In the meantime, it’s up to you to demonstrate to both your current and potential clients that you are available and ready to help them. As with most businesses, clients are drawn to businesses that respond to their needs. Responsiveness and great communication skills show competency and reliability, providing further comfort to your clients and strengthening your relationship with them.

A note about social media communications. Social media can generate a steady stream of feedback from your posts and advertising. Use tools such as immediate responses to ensure that every connection receives an acknowledgment. It is easy to lose track of everything in the shuffle, which could cost you a potential client. Stagger your promotions so you’re not dealing with a potential mass of responses all at once.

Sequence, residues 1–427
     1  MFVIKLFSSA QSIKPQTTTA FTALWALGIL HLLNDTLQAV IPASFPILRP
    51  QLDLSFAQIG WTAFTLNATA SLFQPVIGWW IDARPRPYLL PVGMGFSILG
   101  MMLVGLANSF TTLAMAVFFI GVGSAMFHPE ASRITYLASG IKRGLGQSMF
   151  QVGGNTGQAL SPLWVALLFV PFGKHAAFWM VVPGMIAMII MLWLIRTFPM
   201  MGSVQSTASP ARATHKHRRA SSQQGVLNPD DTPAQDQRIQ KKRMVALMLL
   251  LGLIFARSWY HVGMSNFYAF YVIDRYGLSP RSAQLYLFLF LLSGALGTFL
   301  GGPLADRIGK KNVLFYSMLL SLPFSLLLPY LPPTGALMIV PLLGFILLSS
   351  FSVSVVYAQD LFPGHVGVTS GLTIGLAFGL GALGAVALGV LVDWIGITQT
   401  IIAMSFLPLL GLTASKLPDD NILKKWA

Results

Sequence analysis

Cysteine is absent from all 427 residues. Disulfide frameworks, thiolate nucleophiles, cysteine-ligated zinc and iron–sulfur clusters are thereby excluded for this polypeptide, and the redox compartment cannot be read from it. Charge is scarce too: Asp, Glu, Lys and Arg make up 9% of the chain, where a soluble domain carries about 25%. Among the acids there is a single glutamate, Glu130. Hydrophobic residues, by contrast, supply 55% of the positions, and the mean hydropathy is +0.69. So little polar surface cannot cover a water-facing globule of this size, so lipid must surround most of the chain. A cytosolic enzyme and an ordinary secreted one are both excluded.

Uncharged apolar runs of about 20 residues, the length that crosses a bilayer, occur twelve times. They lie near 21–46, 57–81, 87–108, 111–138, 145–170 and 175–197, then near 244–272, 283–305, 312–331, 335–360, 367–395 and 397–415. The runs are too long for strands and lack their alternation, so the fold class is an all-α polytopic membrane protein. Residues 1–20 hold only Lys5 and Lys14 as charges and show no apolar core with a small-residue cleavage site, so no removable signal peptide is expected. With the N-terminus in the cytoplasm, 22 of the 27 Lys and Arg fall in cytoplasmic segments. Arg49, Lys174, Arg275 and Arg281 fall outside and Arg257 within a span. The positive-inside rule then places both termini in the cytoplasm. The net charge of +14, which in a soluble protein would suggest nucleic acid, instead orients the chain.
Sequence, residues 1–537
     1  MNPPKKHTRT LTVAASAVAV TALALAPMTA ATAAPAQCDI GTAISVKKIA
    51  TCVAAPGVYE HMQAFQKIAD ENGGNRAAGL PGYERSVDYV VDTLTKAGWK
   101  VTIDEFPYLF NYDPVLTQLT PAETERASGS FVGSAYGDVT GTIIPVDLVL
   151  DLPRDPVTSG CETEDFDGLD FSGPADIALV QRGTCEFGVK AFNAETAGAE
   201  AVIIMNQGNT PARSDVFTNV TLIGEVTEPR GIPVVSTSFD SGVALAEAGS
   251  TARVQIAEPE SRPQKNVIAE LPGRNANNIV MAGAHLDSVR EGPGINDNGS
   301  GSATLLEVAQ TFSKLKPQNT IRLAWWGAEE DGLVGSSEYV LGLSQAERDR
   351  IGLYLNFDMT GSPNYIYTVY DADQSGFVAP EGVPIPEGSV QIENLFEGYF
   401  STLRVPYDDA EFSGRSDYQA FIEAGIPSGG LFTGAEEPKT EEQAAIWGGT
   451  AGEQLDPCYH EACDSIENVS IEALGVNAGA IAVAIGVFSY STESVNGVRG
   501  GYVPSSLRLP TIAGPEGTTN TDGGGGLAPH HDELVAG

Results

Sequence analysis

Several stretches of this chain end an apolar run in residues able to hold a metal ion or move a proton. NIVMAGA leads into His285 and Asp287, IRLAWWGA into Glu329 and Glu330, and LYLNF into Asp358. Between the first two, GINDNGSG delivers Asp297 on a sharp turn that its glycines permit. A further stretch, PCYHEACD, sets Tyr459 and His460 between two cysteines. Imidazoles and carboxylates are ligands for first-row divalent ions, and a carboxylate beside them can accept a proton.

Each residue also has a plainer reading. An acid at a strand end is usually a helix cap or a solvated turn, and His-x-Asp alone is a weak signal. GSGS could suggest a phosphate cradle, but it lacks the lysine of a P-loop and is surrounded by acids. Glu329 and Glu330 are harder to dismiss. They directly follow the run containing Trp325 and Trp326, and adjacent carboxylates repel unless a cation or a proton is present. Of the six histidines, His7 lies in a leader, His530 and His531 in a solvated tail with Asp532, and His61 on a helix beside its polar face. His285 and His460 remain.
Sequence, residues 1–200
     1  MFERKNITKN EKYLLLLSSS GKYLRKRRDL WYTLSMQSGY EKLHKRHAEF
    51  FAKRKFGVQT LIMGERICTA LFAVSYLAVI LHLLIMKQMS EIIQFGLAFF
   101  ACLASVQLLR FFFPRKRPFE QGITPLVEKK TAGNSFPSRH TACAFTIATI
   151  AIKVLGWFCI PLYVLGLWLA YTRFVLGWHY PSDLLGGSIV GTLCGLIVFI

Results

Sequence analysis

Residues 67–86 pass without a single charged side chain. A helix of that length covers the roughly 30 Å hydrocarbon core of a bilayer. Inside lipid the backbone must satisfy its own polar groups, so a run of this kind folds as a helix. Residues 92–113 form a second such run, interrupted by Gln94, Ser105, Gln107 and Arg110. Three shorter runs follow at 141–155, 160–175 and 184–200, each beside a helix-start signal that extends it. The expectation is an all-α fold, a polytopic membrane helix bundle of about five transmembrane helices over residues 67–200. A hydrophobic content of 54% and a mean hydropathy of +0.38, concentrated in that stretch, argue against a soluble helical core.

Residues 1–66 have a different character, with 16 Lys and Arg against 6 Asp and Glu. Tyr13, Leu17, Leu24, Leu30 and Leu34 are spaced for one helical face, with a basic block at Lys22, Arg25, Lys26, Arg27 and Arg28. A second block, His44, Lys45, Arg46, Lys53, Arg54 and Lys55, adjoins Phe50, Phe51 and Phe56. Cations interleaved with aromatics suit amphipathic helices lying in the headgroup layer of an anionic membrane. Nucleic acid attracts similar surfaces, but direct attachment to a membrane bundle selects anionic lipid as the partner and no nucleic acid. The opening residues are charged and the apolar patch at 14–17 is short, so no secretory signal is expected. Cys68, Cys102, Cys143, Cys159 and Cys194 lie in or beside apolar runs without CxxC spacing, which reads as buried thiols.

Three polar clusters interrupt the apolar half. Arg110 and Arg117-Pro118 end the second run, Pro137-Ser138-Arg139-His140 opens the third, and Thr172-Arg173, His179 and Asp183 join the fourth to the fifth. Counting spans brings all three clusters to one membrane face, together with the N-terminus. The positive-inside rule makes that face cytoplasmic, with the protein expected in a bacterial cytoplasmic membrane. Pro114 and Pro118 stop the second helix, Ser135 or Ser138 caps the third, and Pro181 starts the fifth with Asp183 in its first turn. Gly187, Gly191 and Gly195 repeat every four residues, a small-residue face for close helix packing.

Budgeting for Success in Real Estate

The core of any budget is the desire to properly manage income and expenses. Ultimately, the budget keeps expenses lower and income higher, ultimately growing the bottom line. A business budget is as crucial as a personal one, perhaps even more so. Real estate brokerage may not always maintain a steady level of profit even when everything is going well. Be sure to prepare for the slow times, especially when business is going well, by implementing a strict budget.